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A Guide to Moving in Day for Landlords

Regardless of if you are welcoming your first tenant through the doors of your rental or it is almost time for your existing tenants to move on, preparing your rental property for new occupants is something universal to owners. Whilst everyone will find their own routine that best suits their rental, a meticulous approach is always best. So, to help ensure the transition is as seamless as possible here is our guide to moving in day for landlords. 

What Should a Landlord Do Before You Move In?

New landlords may fall into the trap of thinking that the start of each new tenancy is as simple as signing the agreement and handing over the key, however there are many things a landlord must check to not only ensure that their property is ready for new tenants, but they are compliant with existing letting laws and regulations.  

Landlord Checklist UK 2021, PropertyLoop

Build a Relationship with Your Tenant

We don’t mean become best buddies with your tenant overnight, but rather chat with them and establish some sort of friendly relationship. That way they’ll feel you’re approachable if anything goes wrong on their side. And likewise, you won’t feel too bad about sending them a reminder if the rent is late once in a while. 

As can be expected, upon moving in the occupant will have already signed the tenancy agreement, detailing the address of the property, confirmation of the landlord, and how much the occupants can expect to pay in rent, amongst other terms.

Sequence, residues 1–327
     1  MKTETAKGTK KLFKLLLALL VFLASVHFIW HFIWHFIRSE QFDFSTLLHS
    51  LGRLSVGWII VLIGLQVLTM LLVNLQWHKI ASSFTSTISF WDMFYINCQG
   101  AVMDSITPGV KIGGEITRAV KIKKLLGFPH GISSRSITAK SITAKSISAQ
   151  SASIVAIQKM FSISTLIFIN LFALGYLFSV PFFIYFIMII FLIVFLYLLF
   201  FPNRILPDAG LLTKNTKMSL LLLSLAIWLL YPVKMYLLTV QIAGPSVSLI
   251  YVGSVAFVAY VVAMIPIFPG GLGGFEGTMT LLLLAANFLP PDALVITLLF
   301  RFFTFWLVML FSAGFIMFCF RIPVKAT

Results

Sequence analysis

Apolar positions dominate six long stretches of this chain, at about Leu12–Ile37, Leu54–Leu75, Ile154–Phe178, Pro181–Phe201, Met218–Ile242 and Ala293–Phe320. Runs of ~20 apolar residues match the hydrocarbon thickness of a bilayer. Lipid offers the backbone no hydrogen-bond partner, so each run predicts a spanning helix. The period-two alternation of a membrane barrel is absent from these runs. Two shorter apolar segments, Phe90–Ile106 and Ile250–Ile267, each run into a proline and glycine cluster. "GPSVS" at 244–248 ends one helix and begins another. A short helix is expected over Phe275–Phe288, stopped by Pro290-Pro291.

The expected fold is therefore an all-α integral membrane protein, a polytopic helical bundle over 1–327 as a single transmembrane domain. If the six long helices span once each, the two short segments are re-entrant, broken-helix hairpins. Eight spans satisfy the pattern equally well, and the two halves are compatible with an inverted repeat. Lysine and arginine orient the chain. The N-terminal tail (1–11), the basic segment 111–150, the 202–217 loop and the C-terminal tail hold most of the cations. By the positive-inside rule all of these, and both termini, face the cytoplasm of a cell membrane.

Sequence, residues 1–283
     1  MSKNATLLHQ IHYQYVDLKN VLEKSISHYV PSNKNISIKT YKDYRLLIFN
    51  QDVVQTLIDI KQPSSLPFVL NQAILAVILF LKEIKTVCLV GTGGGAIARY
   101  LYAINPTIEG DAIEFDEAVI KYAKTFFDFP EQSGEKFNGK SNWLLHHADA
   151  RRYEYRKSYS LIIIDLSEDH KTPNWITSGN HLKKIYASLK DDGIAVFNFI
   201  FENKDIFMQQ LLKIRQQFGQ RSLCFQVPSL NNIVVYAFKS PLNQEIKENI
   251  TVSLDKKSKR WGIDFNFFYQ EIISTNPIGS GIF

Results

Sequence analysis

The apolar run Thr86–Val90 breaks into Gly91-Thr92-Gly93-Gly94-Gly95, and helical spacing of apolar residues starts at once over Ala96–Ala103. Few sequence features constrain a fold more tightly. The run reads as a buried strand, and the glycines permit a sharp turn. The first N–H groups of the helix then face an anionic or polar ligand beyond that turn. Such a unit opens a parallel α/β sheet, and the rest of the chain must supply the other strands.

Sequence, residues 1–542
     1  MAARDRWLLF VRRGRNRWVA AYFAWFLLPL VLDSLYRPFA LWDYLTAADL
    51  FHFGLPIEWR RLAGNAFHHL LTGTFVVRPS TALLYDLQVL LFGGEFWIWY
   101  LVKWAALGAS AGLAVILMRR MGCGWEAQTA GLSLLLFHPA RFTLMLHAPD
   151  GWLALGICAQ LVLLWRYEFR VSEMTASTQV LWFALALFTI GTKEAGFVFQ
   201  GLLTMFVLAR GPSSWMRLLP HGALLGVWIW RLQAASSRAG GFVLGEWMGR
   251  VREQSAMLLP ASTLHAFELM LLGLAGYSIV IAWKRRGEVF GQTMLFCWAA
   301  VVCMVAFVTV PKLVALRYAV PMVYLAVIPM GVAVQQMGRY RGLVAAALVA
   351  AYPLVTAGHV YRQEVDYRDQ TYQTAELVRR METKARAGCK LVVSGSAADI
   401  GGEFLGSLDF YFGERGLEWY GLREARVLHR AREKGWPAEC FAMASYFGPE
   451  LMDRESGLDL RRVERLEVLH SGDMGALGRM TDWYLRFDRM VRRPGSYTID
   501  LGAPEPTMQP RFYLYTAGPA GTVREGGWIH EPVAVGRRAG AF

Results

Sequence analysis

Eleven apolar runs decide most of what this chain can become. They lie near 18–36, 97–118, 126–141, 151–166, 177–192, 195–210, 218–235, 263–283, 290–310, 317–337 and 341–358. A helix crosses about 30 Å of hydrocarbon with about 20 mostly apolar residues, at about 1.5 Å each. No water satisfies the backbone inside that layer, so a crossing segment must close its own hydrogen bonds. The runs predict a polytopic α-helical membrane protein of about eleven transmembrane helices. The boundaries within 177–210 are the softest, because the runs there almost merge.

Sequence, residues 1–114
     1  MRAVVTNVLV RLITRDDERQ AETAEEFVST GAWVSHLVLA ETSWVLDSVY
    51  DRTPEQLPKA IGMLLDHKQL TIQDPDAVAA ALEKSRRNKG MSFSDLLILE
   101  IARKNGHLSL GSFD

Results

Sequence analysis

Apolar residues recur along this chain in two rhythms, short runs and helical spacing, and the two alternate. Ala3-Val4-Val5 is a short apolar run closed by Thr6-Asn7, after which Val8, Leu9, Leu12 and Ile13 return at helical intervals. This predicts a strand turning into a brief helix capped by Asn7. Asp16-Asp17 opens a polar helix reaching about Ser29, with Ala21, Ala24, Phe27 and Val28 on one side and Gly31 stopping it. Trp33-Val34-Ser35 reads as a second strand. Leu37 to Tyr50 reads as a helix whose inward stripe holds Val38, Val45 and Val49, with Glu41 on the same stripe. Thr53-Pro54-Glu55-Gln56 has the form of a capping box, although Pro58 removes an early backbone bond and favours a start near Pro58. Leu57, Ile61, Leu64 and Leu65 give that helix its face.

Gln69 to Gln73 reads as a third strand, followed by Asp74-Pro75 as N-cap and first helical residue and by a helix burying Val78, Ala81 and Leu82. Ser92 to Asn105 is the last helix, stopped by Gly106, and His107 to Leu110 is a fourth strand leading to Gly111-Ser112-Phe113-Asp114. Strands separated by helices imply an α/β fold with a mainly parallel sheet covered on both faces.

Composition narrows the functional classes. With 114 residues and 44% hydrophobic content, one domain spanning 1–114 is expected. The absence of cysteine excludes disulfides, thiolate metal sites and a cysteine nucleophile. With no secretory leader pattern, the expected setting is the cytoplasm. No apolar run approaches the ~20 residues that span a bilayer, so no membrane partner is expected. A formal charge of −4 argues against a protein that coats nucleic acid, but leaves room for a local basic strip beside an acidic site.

Once the agreement has been signed, the landlord is legally obligated to provide their tenants with a series of documents relating to the tenancy and the rental property. With this in mind owners will need to offer the residents a valid energy performance certificate, or EPC. An EPC will reveal how energy efficient the rental property is, alongside giving renters an estimate as to its running costs. Further to this tenant must be provided with a gas safety certificate and EIRC, confirming that all gas and electrical appliances, installations, outlets, pipes and flues are safe and operational for the tenants.  

In order to comply with fire safety regulations landlords must ensure that there is a working smoke alarm on each floor of the rental property that contains any living spaces, and a carbon monoxide alarm in any area that are used to store solid fuel.  

Under the Homes (Fitness for Human Habitation) Act you are also obliged to ensure the property you are renting out is free from damp, mould, infestations and other potential risks that would pose a threat to the occupant’s safety and wellbeing.

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Clean the Property

A quick paint of the walls to freshen things up never goes amiss for a new tenancy (especially if the last tenant was there for several years). It shows the new tenant you’ve made a real effort to have the place look nice for them – and hopefully they’ll keep it nice in return! No doubt you will already have had the property professionally cleaned after the last tenant moved out. But, if some time has passed between then and now, it’s not a bad idea to nip round with a duster and hoover. 

Take Meter Readings 

Taking meter readings with your new tenant present means you can chase up any outstanding bills with the previous tenants. This also gives the new tenants the appropriate information to begin the search for a new provider.